Tag: reviews

Nice Amazon review of Marseguro

A nice reader’s review of Marseguro showed up on Amazon today: Excellent world-building and well developed characters. Very enjoyable. If you are interested in the religious implications of genetic manipulation, the political problems with a theocracy, or the question of what you would do when faced with extinction, read this book. – William Howe He …

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A nice review of Marseguro…

…just cropped up at Darque Reviews: “…a creative tale…Mr. Willett blends science fiction with heavy religious beliefs into a well-written storyline that’s filled with dramatic scenery and character detail. Sci-fi and fantasy fans should find this story full and entertaining.” – Kimberly Swan Not bad!

Nice review of Marseguro in Neo-Opsis

This review by Dr. Robert Runte has been out for a while (in Issue #13 of Neo-Opsis) but I didn’t see it until yesterday. Runte has some problems with the book’s pacing (he thinks it’s too slow to get going and suffers from a bit of info-dumpitis in the early chapters), but still has some …

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Don D’Ammassa reviews Marseguro

The indefatigable Don D’Ammassa reviews Marseguro and isn’t entirely happy with it: Although this was well enough written, I found myself uncomfortable with elements of the story. The fanaticism of the theocrats seemed a bit forced, even though current events should have convinced me that their excesses are entirely plausible. I think my problem is …

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First review for Marseguro

It’s from the Harriet Klausner, of course. Here’s the final paragraph of the whole thing: The regime in power is so xenophobic that it makes war on innocent men, women and children subduing colony worlds by deadly force. Marseguro is determined not to be conquered but if they use the only means available to stop …

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First review for Marseguro

It’s from the Harriet Klausner, of course. Here’s the final paragraph of the whole thing: The regime in power is so xenophobic that it makes war on innocent men, women and children subduing colony worlds by deadly force. Marseguro is determined not to be conquered but if they use the only means available to stop …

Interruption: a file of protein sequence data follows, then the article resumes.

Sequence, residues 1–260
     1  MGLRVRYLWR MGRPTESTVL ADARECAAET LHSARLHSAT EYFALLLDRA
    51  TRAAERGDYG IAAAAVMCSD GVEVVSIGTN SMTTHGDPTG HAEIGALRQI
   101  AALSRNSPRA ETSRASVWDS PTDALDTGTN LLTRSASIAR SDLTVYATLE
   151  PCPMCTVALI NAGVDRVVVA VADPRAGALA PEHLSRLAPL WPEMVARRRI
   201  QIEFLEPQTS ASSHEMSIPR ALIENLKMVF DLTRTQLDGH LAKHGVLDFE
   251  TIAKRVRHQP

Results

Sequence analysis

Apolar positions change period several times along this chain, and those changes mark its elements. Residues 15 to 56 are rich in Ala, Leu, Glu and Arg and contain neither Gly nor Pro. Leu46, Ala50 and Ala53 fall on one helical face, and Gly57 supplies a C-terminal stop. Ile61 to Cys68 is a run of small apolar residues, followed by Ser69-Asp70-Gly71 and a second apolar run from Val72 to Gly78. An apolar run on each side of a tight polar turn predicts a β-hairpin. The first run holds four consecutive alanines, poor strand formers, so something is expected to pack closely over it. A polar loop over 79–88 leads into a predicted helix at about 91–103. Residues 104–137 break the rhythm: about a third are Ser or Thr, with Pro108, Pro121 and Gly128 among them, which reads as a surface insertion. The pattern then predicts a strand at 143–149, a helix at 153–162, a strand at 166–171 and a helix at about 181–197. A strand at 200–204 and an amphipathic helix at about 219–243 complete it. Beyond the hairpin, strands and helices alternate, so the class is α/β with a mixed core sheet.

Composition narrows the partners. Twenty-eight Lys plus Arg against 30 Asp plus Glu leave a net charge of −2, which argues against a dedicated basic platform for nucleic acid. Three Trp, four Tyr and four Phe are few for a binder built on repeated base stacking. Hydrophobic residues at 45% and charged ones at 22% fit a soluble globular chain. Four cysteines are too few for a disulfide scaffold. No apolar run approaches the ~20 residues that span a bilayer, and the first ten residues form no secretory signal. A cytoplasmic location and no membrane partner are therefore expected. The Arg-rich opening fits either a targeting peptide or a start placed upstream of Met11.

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She hates it, she really hates it!

Just to prove I don’t only point you to positive reviews of my stuff, here’s someone who really, really didn’t like Lost in Translation. On the other hand, she did finish it…so I guess I could say she found it “un-put-downable,” couldn’t I?

A nice mini-review of my story The Wind…

…turned up at G-Pop: The Wind by Edward Willett brought back memories of another ghostly tale by none other than Edgar Allen Poe, entitled The Tell-Tale Heart. At first you feel some sympathy toward this man who, once happily married and at home in his childhood home, finds himself alone, his wife gone and his …

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A few reader comments for Lost in Translation…

…from Paperback Swap: “Great story about two empaths from different species who must work together to find common ground and avert interstellar war. Enjoyed the character development (human and alien).” “This book was a very good read for me. The characters were good and well thought out. The author took the homage of walking in …

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A review of my children’s biography of Jimi Hendrix…

…has appeared in VOYA (Voice of Youth Advocates), “The library magazine serving those who serve young adults.” My Enslow book Jimi Hendrix: Kiss the Sky is reviewed along with Karen Clemens Warrick’s James Dean: Dream As If You’ll Live Forever. Both are part of a series called American Rebels, for which I also wrote my …

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An Andy Nebula blog review:

“Fun old fashioned sf. I didn’t like the main characters, but it’s flippantly cheesy.” – Goblin Wintercearig. Hey, I want “Flippantly cheesy!” emblazoned on my next book. I think it’s my favorite review quote thus far.

Does this count as a review?

From Andrea Miccaver‘s LiveJournal All Guts, No Glory: Dropped the dud like a spud and am now reading Lost in Translation by Edward Willett. A much better read. For one thing, there are flying monkey dog alien things. For another, someone gets skinned on page 10 and heads explode on page 18. There’s also this …

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